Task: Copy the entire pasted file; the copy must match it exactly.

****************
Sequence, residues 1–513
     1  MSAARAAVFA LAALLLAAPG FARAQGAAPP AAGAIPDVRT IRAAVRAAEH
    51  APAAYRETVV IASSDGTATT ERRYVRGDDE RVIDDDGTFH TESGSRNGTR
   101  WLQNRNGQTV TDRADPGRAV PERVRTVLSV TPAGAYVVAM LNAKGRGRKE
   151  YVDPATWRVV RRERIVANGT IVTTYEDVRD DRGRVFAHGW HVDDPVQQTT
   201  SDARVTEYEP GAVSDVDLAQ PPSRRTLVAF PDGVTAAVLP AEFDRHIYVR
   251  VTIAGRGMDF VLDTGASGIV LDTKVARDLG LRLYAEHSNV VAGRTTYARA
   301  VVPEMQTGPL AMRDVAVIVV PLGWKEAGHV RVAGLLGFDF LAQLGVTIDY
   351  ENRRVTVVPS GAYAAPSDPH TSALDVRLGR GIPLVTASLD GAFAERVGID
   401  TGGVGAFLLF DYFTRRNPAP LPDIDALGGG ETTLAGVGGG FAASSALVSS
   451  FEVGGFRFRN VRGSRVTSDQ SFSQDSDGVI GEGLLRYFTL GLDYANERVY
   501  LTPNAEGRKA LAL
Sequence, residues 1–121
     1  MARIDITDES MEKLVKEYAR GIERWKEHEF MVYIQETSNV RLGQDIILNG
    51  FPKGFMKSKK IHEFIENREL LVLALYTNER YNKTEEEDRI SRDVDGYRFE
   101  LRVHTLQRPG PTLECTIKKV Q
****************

Sequence, residues 1–513
     1  MSAARAAVFA LAALLLAAPG FARAQGAAPP AAGAIPDVRT IRAAVRAAEH
    51  APAAYRETVV IASSDGTATT ERRYVRGDDE RVIDDDGTFH TESGSRNGTR
   101  WLQNRNGQTV TDRADPGRAV PERVRTVLSV TPAGAYVVAM LNAKGRGRKE
   151  YVDPATWRVV RRERIVANGT IVTTYEDVRD DRGRVFAHGW HVDDPVQQTT
   201  SDARVTEYEP GAVSDVDLAQ PPSRRTLVAF PDGVTAAVLP AEFDRHIYVR
   251  VTIAGRGMDF VLDTGASGIV LDTKVARDLG LRLYAEHSNV VAGRTTYARA
   301  VVPEMQTGPL AMRDVAVIVV PLGWKEAGHV RVAGLLGFDF LAQLGVTIDY
   351  ENRRVTVVPS GAYAAPSDPH TSALDVRLGR GIPLVTASLD GAFAERVGID
   401  TGGVGAFLLF DYFTRRNPAP LPDIDALGGG ETTLAGVGGG FAASSALVSS
   451  FEVGGFRFRN VRGSRVTSDQ SFSQDSDGVI GEGLLRYFTL GLDYANERVY
   501  LTPNAEGRKA LAL
Sequence, residues 1–121
     1  MARIDITDES MEKLVKEYAR GIERWKEHEF MVYIQETSNV RLGQDIILNG
    51  FPKGFMKSKK IHEFIENREL LVLALYTNER YNKTEEEDRI SRDVDGYRFE
   101  LRVHTLQRPG PTLECTIKKV Q